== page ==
01 Sep 2015 at 02:28
What we call desktop publishing isn’t really a A single job. It’s a series of individual tasks performed over and over again until everything looks and reads just right. If we shave even a few seconds off such repetitive tasks as changing type specifications, printing draft copies, and placing the insertion point at the right spot on a page, those seconds can add up to hours over the course of a complex job.
Design for Minimum Maintenance
One of the most time-consuming and nitpicky jobs in desktop publishing is checking for mishyphenations and overly letterspaced words. The major source of these bothersome problems is justifying text in nice, neat columns. By telling the computer to make everything line up flush against both the left and right …
24 Aug 2015 at 15:13
Back in 1997, IT managers at Miami University set out to make their system Y2K compliant–and their technology overhaul snowballed shortly thereafter.
“We realized that the amount we were willing to invest for Y2K could bring us a whole new system that would grow with our future technology needs,” says Kristin Froehlke, associate provost for computing and information services and CIO at Miami University. “We knew it was time to seize the moment.”
Their first need was for a more robust software solution to handle the school’s many administrative duties. They had been operating with a patchwork of commercial, custom and homegrown legacy systems and applications running on an IBM 9672 R21 mainframe under OS/390 MVS and CICS.
“We had a hybrid of homegrown and vendor-supplied …
16 Aug 2015 at 21:04
IF YOU THINK YOUR PRIVACY IS PROTECTED, GUESS again. Anyone with access to a computer and certain online services can dig up more about you in one afternoon than an old gumshoe could track down in a week. In just 10 minutes, for example, we found out Vice President Al Gore’s and House Speaker Newt at Gingrich’s home addresses and phone numbers, their lengths of residency, the value of their homes, and their estimated incomes, using the PeopleTracker database. PeopleTracker also provides another choice bit of information: The names, addresses, and phone numbers of Gore’s and Gingrich’s neighbors.
Fame and fortune, however, are not criteria for disclosure. Depending on the state you live in, other CDB Infotek services and databases, such as Nexis, might provide personal …
09 Aug 2015 at 12:40
AFTER WEEKS OF BURNING THE MIDNIGHT OIL, you’re finally wrapping up an important project. While envisioning yourself stretched out on a tropical beach with a Mai Tai in your hand, you click on File/Save, and make a note to call your travel agent in the morning.
A screech jolts you back to reality, followed by an alarming crunching noise and a sickening thud as your hard disk grinds to a halt. You threaten, cajole, and beg your PC to come back to life. Just when you think things couldn’t get any worse, you remember what else is entombed on that disk–your customer database, accounting records, marketing materials, and more. Do you know what to do next?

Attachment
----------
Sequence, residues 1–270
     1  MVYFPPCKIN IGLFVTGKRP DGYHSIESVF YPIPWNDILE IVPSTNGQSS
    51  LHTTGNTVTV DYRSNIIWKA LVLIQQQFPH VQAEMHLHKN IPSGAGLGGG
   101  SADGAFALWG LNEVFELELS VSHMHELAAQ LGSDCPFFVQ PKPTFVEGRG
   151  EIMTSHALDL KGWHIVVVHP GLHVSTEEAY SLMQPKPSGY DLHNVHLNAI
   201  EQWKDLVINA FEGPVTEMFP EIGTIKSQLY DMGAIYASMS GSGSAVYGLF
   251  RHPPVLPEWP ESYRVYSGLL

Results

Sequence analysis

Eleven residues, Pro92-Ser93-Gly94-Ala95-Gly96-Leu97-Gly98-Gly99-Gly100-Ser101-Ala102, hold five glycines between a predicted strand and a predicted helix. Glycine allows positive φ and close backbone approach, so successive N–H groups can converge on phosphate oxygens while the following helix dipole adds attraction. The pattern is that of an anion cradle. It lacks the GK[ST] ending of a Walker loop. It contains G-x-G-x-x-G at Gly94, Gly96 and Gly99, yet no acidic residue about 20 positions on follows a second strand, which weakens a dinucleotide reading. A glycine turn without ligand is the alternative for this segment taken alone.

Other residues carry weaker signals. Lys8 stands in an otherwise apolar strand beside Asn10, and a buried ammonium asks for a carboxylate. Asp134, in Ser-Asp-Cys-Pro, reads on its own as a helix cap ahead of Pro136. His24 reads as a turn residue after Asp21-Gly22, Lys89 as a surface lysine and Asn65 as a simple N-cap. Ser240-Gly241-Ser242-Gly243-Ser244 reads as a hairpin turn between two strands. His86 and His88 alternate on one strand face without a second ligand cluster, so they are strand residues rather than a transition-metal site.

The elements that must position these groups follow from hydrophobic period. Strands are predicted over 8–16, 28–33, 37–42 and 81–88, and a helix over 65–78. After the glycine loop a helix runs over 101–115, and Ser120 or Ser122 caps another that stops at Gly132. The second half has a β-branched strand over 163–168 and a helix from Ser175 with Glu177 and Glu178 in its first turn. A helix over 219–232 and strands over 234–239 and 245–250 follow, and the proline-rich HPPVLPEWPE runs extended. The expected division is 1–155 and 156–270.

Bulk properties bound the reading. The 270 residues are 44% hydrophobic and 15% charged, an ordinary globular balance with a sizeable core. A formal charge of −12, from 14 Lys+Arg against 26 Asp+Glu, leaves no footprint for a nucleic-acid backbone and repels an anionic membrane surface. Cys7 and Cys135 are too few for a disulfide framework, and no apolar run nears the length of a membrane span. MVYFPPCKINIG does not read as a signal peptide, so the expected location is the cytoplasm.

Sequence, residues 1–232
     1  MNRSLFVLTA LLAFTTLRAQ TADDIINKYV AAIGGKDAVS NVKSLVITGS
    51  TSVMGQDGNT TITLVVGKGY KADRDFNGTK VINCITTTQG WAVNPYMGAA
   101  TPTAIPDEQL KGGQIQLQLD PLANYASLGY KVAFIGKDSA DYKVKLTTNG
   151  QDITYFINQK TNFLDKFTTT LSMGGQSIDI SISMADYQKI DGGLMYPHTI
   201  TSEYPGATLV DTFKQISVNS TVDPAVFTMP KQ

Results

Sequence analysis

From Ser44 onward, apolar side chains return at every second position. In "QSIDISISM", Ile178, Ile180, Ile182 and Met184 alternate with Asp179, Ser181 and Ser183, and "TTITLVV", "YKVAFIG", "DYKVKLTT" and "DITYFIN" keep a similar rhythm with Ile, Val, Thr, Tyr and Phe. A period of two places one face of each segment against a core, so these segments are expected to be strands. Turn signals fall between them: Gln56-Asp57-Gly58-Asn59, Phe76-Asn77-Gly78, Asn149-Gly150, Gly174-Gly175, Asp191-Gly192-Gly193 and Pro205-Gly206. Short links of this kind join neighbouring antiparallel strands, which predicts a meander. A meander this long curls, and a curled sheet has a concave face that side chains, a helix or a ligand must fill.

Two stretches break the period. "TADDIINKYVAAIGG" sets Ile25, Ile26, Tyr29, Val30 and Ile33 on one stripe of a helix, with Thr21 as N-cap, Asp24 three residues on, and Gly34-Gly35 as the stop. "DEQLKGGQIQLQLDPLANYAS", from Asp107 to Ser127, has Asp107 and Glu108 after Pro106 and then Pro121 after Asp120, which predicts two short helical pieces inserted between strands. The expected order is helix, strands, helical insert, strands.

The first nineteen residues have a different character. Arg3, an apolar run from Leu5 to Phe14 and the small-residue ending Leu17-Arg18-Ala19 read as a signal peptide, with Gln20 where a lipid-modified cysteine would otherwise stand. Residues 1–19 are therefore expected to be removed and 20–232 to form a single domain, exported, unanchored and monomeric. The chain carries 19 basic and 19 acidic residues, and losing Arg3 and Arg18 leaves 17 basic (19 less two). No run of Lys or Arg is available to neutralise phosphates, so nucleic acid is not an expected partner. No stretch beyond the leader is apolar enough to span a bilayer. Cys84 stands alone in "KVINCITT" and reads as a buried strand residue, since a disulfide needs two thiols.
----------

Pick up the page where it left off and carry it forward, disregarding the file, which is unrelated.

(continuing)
Data disappears from our desktops for a variety of reasons: According to Hard Drive Recovery Group, an Irvine, California-based data recovery service (www.harddriverecovery.org), 44 percent of data is lost to mechanical failures, 32 percent to human error (which includes fire), 14 percent to software problems, 7 percent to viruses, and 3 percent to natural disasters. While the best defense against data loss is regular backup, backups aren’t foolproof, nor can they protect your data against physical damage to your hardware.
Our data recovery guide introduces software tools and services that can bring your data back from the dead, offers strategies for recovering lost files, Continue reading →
05 Aug 2015 at 12:07
As handheld devices and network computers compete with traditional PCs as targets for application development, defining the goals of portable software requires more careful consideration.
Portable code is not, in itself, a novel achievement. The Ada language, for example, ensures that a given program will compile and run according to specification on any combination of computer and operating system for which a validated Ada compiler has been written.
Note well, however, the distinction between running according to specification vs. running identically from one platform to another. An Ada program, for example, lets a programmer specify that numbers shall have a certain minimum precision in decimal digits, but an optimizing compiler might provide more precision than required if this is a free side effect of using …
01 Aug 2015 at 09:51
On average, an employee’s name appears 16 different times across myriad corporate systems. It’s more than likely Joe Doak’s payroll records, human resource dossier and travel preferences are all completely separate. Each instance of Doak’s name is unaware of the others. If Doak’s name appears 16 times inside the company, imagine the havoc wrought by a simple change of address.
We all know what happens. The address gets changed in one or two places, with the other records trailing by years or, worse, never catching up. And the likelihood of all records ever containing the same basic information is slim to none. What’s the answer? The Holy Grail, of course–global directories.
No one disputes the huge advantage of global directories, doing no less than what IBM’s …